Surveying the Gold ETFs
July 8th 2012 at 7:00am by Tom Lydon
Traders interested in investing or hedging with gold tend to fall back on the most widely known State Street Global Advisors gold exchange traded fund, the second largest U.S.-listed ETF. However, its competitors are quietly chipping away at the behemoth’s market share.
Physically backed gold ETFs include:
- SPDR Gold Shares ETF (NYSEArca: GLD): $66.0 billion in assets; 0.40% expense ratio.
- iShares Gold Trust ETF (NYSEArca: IAU): $9.3 billion in assets; 0.25% expense ratio.
- ETFS Physical Swiss Gold Shares ETF (NYSEArca: SGOL): $1.8 billion in assets: 0.39% expense ratio.
- ETFS Physical Asian Gold Shares ETF (NYSEArca: AGOL): $71.8 million; 0.39% expense ratio.
GLD gained a solid foothold as a first mover in the gold ETF space, growing to almost seven times larger in terms of assets than its closest competitor, IAU.
More recently, though, fund flows indicate that IAU is taking market share versus GLD, writes Christian Magoon at Nasdaq.com. [Largest Gold ETF Sees Quarterly Outflow on Stronger Dollar]
Specifically, GLD saw net inflows of $1.6 billion year-to-date through July 3, while IAU gathered $568.2 million over the same period. While still less than GLD, IAU’s asset growth is quite significant, given the fund’s size.
Additionally, Magoon points out that IAU’s average volume of 4.9 million shares compared to GLD’s average volume of 10 million shares suggests that the iShares ETF is providing high liquidity as its average volumes reflect close to half that of GLD’s, with significantly less assets.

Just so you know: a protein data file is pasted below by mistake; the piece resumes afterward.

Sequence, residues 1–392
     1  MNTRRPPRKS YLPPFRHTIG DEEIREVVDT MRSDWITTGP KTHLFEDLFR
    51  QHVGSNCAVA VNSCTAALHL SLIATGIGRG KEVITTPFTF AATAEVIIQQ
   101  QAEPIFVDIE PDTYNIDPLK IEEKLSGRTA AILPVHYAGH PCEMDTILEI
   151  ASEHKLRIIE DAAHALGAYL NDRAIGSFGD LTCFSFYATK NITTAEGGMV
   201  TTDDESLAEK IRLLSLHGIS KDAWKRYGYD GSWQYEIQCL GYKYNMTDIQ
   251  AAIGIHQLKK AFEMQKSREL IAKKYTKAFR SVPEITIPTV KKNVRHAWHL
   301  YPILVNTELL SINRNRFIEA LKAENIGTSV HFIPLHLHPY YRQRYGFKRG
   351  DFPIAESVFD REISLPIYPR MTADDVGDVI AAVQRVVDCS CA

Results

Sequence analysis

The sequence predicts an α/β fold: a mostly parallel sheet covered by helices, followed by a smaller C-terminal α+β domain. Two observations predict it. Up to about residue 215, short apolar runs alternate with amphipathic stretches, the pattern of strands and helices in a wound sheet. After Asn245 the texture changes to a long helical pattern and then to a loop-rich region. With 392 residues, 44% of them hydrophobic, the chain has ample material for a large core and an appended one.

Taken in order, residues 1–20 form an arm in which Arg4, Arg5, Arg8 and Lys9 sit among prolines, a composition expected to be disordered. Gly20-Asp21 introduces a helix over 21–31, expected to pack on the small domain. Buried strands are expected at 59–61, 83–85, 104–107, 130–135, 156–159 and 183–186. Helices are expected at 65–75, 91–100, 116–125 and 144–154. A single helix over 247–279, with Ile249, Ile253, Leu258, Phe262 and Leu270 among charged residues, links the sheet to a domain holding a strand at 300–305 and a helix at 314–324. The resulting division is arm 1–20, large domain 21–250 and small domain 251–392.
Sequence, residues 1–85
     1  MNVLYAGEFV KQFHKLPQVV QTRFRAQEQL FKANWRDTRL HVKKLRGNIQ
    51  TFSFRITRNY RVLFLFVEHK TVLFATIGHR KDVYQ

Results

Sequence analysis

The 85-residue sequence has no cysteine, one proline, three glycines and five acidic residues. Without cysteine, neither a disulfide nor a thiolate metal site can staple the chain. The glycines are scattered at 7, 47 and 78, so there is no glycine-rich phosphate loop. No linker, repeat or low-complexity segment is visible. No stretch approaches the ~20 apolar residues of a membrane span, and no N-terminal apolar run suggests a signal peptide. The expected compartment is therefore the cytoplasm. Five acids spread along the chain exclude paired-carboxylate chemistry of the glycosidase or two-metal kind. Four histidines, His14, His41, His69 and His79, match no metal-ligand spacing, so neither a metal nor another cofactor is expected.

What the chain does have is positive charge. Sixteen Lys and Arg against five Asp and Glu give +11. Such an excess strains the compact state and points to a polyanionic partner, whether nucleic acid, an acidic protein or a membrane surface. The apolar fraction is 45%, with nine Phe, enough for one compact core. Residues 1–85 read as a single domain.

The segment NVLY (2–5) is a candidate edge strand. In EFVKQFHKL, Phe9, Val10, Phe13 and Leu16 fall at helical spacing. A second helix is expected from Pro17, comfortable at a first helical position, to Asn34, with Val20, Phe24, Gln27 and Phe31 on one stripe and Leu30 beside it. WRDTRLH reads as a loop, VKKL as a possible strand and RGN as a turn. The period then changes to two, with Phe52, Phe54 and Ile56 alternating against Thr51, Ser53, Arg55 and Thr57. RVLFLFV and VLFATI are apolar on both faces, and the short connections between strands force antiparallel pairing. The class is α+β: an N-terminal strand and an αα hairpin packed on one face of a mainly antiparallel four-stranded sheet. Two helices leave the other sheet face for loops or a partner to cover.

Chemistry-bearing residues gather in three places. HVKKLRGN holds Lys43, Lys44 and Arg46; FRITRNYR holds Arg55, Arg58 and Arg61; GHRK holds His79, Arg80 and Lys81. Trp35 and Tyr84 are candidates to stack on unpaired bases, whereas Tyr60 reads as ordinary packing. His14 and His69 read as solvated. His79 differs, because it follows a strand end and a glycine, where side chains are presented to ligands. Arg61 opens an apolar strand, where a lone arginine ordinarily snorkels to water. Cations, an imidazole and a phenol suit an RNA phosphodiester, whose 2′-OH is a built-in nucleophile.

However, those trading volume numbers require some context. GLD’s share price is about 10 times that of IAU. Therefore, GLD’s notional trading volume measured in dollars, rather than shares transacted, is much higher than IAU.
GLD was trading hands at $154.38 a share on Monday afternoon, while IAU traded at $15.50 a share. When considering total trading costs and spreads, investors need to remember they need to buy or sell about 10 shares of IAU for every one share of GLD for the same-sized trade.
For more information on gold, visit our gold category.
Max Chen contributed to this article.
Full disclosure: Tom Lydon’s clients own GLD.
Story updated with data on notional trading volume.
The opinions and forecasts expressed herein are solely those of Tom Lydon, and may not actually come to pass. Information on this site should not be used or construed as an offer to sell, a solicitation of an offer to buy, or a recommendation for any product.